Microsoft’s recently launched operating systems, Windows 8 and Windows RT, will be getting their first update on Tuesday, November 13th, according to the bulletin posted on the company’s website. The purpose of the roll out would be to address the vulnerabilities of these systems as well as provide updates to Windows XP, Vista, and 7. Reports also suggest the .NET Framework would be getting a bump together with Windows Server, Office and Internet Explorer.
According to the advance security bulletin on Microsoft’s website, the patch will have its focus on three critical vulnerabilities found in Windows 8 that affect the 32-bit and 64-bit version of the system, and one critical and important issue on Windows RT. These critical vulnerabilities found by software engineers of Microsoft, if exploited, would allow code execution even in the absence of user interaction, a typical activity of self-propagating malware such as network worms.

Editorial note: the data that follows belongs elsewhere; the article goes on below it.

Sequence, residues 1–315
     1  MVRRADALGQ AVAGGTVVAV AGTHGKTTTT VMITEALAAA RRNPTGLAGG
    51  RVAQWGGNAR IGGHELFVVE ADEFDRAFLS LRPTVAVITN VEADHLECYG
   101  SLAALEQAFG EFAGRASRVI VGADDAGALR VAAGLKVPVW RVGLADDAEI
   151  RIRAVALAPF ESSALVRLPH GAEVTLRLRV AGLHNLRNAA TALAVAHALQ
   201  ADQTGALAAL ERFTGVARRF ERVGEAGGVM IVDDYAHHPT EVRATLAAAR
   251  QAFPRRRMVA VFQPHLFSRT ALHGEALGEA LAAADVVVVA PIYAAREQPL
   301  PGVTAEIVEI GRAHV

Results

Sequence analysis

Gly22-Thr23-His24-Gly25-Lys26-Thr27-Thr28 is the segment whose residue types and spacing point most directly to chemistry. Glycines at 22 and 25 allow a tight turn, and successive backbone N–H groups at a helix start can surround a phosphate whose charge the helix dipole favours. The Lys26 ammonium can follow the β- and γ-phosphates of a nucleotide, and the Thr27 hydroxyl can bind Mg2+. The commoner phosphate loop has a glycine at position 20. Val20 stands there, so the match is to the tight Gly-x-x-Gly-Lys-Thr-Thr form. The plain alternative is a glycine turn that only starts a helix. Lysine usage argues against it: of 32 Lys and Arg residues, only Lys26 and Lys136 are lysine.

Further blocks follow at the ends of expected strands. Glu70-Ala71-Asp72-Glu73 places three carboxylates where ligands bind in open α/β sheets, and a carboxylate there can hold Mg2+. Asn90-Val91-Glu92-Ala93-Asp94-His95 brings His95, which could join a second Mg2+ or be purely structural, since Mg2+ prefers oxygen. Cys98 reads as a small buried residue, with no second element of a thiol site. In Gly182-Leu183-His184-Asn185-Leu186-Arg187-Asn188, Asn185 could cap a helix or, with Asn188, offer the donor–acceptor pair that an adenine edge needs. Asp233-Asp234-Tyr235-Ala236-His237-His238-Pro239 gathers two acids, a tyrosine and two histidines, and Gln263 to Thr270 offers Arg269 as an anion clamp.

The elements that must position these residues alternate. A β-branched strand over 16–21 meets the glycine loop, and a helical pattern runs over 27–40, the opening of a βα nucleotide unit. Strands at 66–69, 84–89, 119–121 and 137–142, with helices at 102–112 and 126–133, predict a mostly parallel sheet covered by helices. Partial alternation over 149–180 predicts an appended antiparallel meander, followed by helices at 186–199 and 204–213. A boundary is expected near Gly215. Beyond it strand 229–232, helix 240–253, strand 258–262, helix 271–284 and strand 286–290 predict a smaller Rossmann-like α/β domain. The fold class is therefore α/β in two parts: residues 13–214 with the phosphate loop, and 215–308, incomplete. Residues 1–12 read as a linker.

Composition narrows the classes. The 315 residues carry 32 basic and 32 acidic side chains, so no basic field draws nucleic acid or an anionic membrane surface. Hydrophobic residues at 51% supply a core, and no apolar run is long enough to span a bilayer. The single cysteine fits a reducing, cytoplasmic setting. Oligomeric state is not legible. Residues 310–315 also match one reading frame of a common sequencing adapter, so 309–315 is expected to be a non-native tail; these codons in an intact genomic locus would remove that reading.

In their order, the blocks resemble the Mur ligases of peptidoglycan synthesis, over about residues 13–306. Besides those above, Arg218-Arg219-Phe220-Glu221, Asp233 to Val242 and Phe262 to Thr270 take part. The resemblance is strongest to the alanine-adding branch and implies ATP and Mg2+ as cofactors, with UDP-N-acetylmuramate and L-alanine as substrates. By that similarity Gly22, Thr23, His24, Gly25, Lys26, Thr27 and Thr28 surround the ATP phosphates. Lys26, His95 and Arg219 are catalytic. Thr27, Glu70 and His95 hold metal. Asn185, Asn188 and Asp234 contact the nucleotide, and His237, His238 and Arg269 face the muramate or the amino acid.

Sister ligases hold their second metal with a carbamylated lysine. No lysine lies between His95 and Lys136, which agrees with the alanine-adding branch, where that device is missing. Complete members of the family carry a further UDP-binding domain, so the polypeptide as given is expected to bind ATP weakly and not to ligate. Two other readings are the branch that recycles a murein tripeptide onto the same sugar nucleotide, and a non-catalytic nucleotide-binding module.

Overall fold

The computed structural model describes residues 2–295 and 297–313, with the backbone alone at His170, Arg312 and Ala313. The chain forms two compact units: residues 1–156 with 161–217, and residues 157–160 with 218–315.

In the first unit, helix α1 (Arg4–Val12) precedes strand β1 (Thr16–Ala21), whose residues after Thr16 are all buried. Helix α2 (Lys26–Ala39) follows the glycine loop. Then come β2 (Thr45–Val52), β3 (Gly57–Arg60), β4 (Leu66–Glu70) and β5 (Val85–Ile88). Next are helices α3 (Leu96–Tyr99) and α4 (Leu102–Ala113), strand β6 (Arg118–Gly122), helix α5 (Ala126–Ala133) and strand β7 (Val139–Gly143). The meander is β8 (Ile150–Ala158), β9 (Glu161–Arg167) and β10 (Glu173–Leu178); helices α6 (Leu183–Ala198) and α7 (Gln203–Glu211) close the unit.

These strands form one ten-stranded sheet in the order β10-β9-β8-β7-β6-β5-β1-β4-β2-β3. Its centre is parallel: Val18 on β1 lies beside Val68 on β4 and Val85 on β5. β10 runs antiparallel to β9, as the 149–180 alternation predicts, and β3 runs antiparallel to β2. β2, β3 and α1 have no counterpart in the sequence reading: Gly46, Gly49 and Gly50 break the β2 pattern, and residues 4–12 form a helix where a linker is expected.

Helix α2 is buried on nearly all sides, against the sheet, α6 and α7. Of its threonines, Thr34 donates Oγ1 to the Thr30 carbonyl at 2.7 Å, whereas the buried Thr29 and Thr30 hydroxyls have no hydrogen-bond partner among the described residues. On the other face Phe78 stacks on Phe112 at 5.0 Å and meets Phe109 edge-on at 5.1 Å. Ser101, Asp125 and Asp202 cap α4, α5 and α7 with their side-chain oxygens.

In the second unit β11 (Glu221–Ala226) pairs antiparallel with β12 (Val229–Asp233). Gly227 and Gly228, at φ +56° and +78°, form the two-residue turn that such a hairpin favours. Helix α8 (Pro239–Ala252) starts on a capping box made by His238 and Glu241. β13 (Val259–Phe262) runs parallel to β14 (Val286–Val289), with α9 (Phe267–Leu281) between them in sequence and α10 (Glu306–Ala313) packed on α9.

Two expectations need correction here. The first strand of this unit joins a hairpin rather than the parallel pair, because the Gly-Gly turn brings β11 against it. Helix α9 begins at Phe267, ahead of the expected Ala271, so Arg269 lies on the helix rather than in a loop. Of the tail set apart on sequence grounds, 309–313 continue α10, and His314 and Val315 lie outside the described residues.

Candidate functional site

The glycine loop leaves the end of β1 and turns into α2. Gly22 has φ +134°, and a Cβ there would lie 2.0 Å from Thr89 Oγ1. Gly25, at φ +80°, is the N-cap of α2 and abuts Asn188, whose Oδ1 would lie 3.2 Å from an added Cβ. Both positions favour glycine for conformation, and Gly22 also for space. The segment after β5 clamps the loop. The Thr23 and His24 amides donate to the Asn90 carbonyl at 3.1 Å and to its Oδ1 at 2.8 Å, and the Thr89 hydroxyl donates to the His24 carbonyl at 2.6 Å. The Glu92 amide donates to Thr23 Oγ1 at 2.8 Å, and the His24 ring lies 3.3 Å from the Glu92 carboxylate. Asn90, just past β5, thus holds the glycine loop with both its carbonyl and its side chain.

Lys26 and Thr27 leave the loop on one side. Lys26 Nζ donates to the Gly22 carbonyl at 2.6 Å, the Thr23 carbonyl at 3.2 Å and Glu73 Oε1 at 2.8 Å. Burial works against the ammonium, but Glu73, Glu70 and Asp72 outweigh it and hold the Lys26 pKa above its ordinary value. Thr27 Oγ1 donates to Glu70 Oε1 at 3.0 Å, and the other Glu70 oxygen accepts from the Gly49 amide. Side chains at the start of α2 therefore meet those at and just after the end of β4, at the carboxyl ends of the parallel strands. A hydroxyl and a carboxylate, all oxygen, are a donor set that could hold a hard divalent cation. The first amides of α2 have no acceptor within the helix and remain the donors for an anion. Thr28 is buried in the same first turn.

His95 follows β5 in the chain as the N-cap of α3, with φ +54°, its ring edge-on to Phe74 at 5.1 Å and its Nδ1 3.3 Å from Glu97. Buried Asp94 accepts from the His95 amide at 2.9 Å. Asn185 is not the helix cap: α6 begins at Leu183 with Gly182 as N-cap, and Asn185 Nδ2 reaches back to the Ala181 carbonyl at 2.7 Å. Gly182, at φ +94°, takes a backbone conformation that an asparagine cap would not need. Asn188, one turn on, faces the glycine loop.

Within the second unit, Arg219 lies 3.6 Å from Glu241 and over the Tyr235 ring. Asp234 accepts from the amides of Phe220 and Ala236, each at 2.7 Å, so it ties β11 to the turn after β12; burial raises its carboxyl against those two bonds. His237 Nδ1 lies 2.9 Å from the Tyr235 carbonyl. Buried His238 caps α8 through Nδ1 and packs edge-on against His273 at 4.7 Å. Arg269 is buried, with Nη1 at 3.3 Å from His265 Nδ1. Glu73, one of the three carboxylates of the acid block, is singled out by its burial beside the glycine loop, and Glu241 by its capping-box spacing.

The important vulnerability stated in the bulletin pertains to the possibility of compromised confidentiality wherein user’s personal information may be stolen without the knowledge of the user. While the software giant provided sufficient information why an update is needed to be rolled out, it hasn’t revealed specific holes to its systems but they will be revealed soon after the update is available for users to download.
There are two ways Windows 8 and RT users can do to get updated: first, they can leave automatic updating function on so the systems can automatically pull down patches; or second, they can go to Microsoft’s Download Center and manually download the package to their devices. Either way, it is imperative users would download the update on Tuesday or as early as possible to avoid security breaches.
To recap, the update will be made available for download for Win 8 and RT users on Tuesday and it is expected to address some critical and important vulnerabilities within the system. If you want to learn more about this advance notification of security bulletin, you can visit this link.